Before beginning a new file you’re given an opportunity to play with permadeath on or off and a chance to catch a second wind after losing your health. Playing with permadeath on is what I previously described, where thirst, hunger and fatigue occur much more frequently. Playing with it off isn’t nearly as intense, or even enticing, because you can play significantly longer without needing to replenish your energy and there’s never a fear of being scarce on items. Though I hate the rate of fatigue on permadeath, it feels more stressful and more like a roguelike. You’re challenged to explore the locations around you in order to survive.

You’ll often be scrounging around for materials to craft healing items, weapons, lockpicks and more. It’s stressful to be ambushed by two or three people because they caught you stealing, so hopefully you have a pointed stick or a cricket paddle readily available to defend yourself. The weapons aren’t very durable either, so make sure you have a backup weapon or you’ll need to rely on your fists. You’d better hope the right materials are found within the many halfway homes usually occupied by Downers, like metal bits to craft lockpicks or even the rare pill of Joy that you can utilize if you reach the brighter Wellington Wells.

maxresdefault-36The main objective is to get to Wellington Wells, with the people who take their Joy and are always happy. Through the randomly generated world you’ll either need to find out who won a game of Bingo or acquire a power cell or keycard to unlock a gate that leads to your goal. It’s not always the easiest path though, as to reach another district in the Downer side of the world you’ll need to complete other objectives like retrieving honey for a gatekeeper. That in and of itself is risky because the bees can cause serious damage if you don’t have the proper clothing.

My biggest gripe about exploring the Downer filled world is that you’re often opening your map to see where a quest is or where you need to go next. There aren’t many markers and it’s easy to get lost within the streets and dark, scary corridors that look similar to one another. I’ll often run in a specific direction hoping I come across a building or event I need to reach because I have no idea where it is on my map. A few more landmarks would help navigation so you’re not always returning to the same few areas when scrounging for items.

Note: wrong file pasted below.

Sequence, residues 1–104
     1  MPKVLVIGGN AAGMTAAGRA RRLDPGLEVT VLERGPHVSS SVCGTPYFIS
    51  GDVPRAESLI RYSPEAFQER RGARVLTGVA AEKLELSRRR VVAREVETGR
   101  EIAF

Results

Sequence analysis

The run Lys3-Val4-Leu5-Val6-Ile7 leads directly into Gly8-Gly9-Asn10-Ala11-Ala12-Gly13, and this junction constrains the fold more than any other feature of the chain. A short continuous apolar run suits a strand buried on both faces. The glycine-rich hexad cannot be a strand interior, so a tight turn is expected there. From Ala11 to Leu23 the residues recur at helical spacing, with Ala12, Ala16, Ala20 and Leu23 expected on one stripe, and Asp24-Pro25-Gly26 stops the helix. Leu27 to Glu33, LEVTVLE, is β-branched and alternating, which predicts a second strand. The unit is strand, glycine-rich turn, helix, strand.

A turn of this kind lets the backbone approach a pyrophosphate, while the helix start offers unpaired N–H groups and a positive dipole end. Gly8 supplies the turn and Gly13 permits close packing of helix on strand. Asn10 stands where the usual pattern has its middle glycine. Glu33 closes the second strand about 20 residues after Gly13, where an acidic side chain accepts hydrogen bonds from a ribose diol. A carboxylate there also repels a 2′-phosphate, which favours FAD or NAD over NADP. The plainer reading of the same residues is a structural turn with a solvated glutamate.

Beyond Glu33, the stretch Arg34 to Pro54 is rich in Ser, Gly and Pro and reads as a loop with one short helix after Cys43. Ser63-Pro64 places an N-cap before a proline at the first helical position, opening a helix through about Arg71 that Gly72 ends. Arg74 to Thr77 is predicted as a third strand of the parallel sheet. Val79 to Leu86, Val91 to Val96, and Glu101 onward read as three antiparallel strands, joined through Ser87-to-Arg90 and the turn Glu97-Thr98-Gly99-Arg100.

Once you ultimately do reach Wellington Wells, it’s a fascinating place with roads painted like a rainbow, vendors happily selling their wares and the townsfolk jollily walking about, tipping their cap or giving a friendly wave. Even though you’ve reached what is essentially the end of your run, you’re not guaranteed safety. People will notice your tattered clothes and question if you’re a Downer, and if too many people catch on, you’ll be ambushed by the dozens. It’s nice to come across friendly folks instead of the Downers who scoff at you when you say hello. Even the water and vending machines have Joy. Being on Joy doesn’t change the game, but everything will be brighter and you’ll notice you walk with more of a happy stride and have more confidence. If you’re not on Joy you nervously interact with others and slump or lackadaisically walk about.

We Happy Few has a great premise with creepy characters and a scary world. I’m really looking forward to what the story will bring next year, as it could capture what makes a game eerie, like Bioshock or other thrillers. Sadly, though, it’s not the best roguelike but because it’s still a ways out from the full version, there’s still time to improve upon certain aspects of it, mainly the rate at which you grow fatigued or adding markers to help with navigation. I’d love to see if the game sees any changes throughout the year, but I’m likely done trying to reach Wellington Wells until the story mode is out.